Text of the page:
• 46. Impact of Climate Change on Children in Nepal | 35 Community plantation in the degraded land and in the vicinity of school When asked about the actions needed to reduce the impacts of climate change, growing trees and increasing greenery got the highest score, with 34% of children (27% of girls and 41% of boys) recommending it, followed by conserving water (30% overall, 46% of girls and 14% of boys) and using climate-resilient seed varieties (15% overall, 7% of girls and 23% of boys). The data shows that girls favoured the conservation of water for reducing the impacts of climate change, whereas boys argued for plantation and the adoption of climate-resilient crops. These responses demonstrate that children have a clear understanding of protection measures. In their view, addressing disasters through better preparedness (31%) and protection of forests (30%) are the best two strategies to reduce the impact of climate change. Another 18% and 17% respectively identified the protection of water resources and the reduction of the emissions from fuels and industries (Figure 10a). In terms of measures protecting people from climate change, girls favour the protection of forests (53%) and the reduction of emissions from vehicles and industries (57%), while the preponderance of boys chose to protect water sources (54%). Far more boys (83%) than girls (17%) do not know anything about measures which can protect people against climate change (Figure 10b). Children who live in the hills are more aware of the impacts of climate change than those who live in the Tarai. Child rights: Analysis of child rights, specifically, the rights to survival, protection, development and participation, can help reorient policies so that they treat children as rights holders and identify the best approaches to safeguarding those rights. Many child rights enshrined in the United Nations Convention on the Rights of the Child, Convention on the Elimination of All Forms of Discrimination against Women, and Convention on People with Disabilities as well as other human rights instruments. Some of the child rights seriously impacted by climate change include (i) the right of a child to have his or her best interests be a primary consideration in all actions concerning him or her (Article 3), (ii) the right to live (governments should ensure that children survive and develop healthily) (Article 6), (iii) the right to the enjoyment of the highest attainable standard of health (Article 24), and (iv) the right to education (Article 27). Protect forest Protect water sources Better prepare for disasters Reduce emissions from vehicles and industries Do not know 30 4 17 31 18 Figure 10a: Protection of communities from climate change Figure 10b: Protection of communities from climate change 0 10 20 30 40 50 60 70 80 90 53 47 46 54 49 51 57 43 17 83 Protect forest Protect water source Better prepare for disasters Reduce emissions from vehicles and industries No idea Girl’s response Boy’s response Source: Survey, 2012 Source: Survey, 2012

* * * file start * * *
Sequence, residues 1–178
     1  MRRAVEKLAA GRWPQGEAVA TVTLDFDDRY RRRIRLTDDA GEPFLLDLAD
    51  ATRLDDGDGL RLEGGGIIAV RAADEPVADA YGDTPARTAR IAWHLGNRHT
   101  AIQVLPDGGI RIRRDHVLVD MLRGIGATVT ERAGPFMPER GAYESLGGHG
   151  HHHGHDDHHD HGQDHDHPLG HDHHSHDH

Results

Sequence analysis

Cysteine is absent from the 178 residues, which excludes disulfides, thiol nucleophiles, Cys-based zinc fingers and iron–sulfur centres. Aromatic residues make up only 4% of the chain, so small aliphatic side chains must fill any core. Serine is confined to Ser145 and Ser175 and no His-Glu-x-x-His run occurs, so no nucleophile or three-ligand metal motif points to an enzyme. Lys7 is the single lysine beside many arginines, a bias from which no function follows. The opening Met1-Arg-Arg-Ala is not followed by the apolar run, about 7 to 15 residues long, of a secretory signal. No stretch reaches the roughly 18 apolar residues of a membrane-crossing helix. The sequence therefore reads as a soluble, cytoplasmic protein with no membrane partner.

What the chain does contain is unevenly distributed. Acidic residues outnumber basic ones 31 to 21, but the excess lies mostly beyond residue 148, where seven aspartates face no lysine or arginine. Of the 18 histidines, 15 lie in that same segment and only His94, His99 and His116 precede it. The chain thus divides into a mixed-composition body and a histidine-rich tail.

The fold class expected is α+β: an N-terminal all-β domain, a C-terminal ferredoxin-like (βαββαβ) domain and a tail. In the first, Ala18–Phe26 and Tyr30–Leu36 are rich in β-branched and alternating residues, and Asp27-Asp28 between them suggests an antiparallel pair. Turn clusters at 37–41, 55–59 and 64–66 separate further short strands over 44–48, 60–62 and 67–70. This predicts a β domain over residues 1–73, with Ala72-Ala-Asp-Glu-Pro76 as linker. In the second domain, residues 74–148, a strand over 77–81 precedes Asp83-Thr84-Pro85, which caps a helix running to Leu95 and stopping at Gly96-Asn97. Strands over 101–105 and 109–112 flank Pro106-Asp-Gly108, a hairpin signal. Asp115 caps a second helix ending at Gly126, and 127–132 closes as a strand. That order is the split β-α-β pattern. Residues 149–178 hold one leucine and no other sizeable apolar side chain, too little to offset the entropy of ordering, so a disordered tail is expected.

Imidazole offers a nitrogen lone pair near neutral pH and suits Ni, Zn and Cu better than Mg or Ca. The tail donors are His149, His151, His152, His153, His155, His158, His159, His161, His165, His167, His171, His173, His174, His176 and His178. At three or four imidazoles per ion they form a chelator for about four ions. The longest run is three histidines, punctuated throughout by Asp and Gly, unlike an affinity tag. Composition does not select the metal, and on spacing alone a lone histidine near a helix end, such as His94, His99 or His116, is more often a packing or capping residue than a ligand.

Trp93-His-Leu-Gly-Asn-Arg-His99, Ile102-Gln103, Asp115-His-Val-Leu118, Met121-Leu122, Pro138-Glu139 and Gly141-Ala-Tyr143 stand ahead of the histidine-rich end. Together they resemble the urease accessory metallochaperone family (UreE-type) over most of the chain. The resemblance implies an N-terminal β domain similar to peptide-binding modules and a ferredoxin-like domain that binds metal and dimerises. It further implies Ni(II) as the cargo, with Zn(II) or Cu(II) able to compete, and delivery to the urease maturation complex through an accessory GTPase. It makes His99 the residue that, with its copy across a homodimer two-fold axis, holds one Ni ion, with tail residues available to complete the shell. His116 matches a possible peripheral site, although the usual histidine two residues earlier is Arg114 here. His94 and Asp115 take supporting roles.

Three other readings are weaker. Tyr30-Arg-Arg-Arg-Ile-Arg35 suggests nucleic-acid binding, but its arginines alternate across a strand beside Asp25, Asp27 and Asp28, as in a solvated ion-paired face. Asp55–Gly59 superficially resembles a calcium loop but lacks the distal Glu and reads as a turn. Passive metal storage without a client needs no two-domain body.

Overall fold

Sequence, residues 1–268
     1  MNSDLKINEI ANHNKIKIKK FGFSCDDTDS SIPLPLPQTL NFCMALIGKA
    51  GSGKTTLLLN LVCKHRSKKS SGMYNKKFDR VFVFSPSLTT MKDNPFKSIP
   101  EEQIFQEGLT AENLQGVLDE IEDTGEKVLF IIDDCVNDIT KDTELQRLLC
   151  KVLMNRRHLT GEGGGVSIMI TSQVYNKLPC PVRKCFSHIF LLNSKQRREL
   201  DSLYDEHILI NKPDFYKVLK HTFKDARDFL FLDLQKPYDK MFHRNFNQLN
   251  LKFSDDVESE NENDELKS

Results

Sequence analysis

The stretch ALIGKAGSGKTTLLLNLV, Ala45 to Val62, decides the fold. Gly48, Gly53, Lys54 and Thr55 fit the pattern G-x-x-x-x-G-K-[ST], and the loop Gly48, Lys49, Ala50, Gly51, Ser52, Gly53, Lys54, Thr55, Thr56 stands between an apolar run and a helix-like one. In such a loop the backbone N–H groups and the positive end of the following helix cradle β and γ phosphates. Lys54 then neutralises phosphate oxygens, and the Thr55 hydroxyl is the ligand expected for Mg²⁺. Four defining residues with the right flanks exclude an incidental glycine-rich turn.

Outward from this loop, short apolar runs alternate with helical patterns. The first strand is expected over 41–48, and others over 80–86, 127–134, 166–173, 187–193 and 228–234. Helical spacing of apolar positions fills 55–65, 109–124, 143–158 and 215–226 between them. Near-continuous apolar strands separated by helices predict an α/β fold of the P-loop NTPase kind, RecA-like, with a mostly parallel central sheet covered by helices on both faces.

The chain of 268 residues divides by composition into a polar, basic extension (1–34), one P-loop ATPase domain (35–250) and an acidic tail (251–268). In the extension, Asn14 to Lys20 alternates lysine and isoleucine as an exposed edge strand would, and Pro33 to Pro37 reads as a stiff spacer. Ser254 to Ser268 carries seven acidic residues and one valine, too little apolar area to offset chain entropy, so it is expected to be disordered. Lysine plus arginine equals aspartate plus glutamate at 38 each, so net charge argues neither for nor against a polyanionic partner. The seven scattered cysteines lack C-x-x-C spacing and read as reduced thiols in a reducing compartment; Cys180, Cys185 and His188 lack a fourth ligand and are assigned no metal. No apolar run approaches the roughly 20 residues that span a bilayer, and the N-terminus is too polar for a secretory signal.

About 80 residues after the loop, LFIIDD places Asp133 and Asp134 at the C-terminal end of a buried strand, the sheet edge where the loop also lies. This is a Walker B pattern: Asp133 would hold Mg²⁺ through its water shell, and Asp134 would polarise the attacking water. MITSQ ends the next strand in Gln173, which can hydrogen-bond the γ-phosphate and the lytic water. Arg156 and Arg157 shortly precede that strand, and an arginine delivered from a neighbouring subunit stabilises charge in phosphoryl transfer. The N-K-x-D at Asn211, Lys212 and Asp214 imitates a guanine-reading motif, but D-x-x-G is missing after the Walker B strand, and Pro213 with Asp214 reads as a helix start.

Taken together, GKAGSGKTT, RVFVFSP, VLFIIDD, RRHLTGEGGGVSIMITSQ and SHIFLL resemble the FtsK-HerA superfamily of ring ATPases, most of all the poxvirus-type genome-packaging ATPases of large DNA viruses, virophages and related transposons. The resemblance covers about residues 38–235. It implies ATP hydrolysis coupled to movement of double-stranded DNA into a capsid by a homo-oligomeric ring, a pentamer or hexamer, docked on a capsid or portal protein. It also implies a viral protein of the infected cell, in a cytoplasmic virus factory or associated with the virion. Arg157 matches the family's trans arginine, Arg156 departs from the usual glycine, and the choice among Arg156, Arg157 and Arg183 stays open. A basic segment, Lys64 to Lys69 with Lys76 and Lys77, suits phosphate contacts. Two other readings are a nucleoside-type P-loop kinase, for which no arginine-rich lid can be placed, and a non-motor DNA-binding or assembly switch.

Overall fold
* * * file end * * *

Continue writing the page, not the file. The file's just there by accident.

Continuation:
• 47. 36 | Research Report Table 11: Impacts of climate change on child rights Element exposed to climate change Survival Protection Development Participation Increase in temperature • Vector-borne diseases • Heat exhaustion and fainting • Scarcity of drinking water • Aggressive behaviour • Domestic violence • Violence among peer groups • Exposure to risks • Disruption of education • No extracurricular activities • Poor attendance • Low mobility • Poor participation in social and cultural activities Changes in precipitation • Food insecurity • Loss of means of livelihood • Reduction in access to medical services • Poor attendance • Increased workload • Drowning because of unexpected flash floods • Changes in plans and programmes • Reduced access to basic facilities • Decrease in outdoor activities • Obligation to do farm work • Migration as a necessity, not a choice Extreme weather • Allergies, pneumonia, diarrhoea, dehydration, and dysentery • Vector-borne disease • Skin and eye infections • Possibility of disease outbreaks • Inadequate love, care and protection from parents • High dropout rate • Schools used as shelters • Damage of physical infrastructures • Poor mobility and participation • Migration as a necessity, not a choice Extreme weather events (disaster) • Food insecurity • Disruption of local enterprises • Compulsion to sale assets and jewellery • Water-borne diseases • Internal displacement • Chances of injury and death • Child labour • Sexual exploitation • Juvenile delinquency • Early marriage • Food insecurity • Loss of means of livelihood • Reduction in access to medical services • Food insecurity • Loss of means of livelihood • Reduction in access to medical services Source: Focus groups discussion with children in each of the research districts, 2012 Many children from the research districts confirmed that their fundamental rights are violated because of the impacts of climate change. The key issues raised by the children are summarised in Table 11. Children's needs and capacities: Children's self- identified needs in the context of climate change and their capacities to address the immediate- and long-term consequences of climate changes are summarised below. • Listening to children’s voices: As discussed earlier, children observe things differently than adults do, perceive things from different angles, and identify solutions on their own. If children's issues are listened to carefully, they are capable of producing as many, if not more, innovative ideas as adults are. As stipulated in Article 6 of the United Nations Framework Convention on Climate Change, it is important to ensure that children have access to information and education so that they can contribute to decision-making. • Forming and institutionalising child forums: To consolidate and amplify children's voices, establishing children’s forums would be advantageous. It is through such forums that issues and concerns pertinent to children could be advocated with duty bearers. Forums would help children to meet their needs with the help of relevant stakeholders. • Organising periodic debates and discussions: Periodic debates and regular discourse on climate change issues, including likely impacts and possible adaptation measures are necessary among children as well as adult and duty bearers. Interactions would help to increase the resilience of children and their families to climate shocks and provide a firm base for child-focused adaptation. • Building the capacity of children: Training, coaching, facilitation, and study visits would help children build their capacity to understand and address the current issues of climate change. Knowledge management is important for elucidating unclear issues. Capacity-building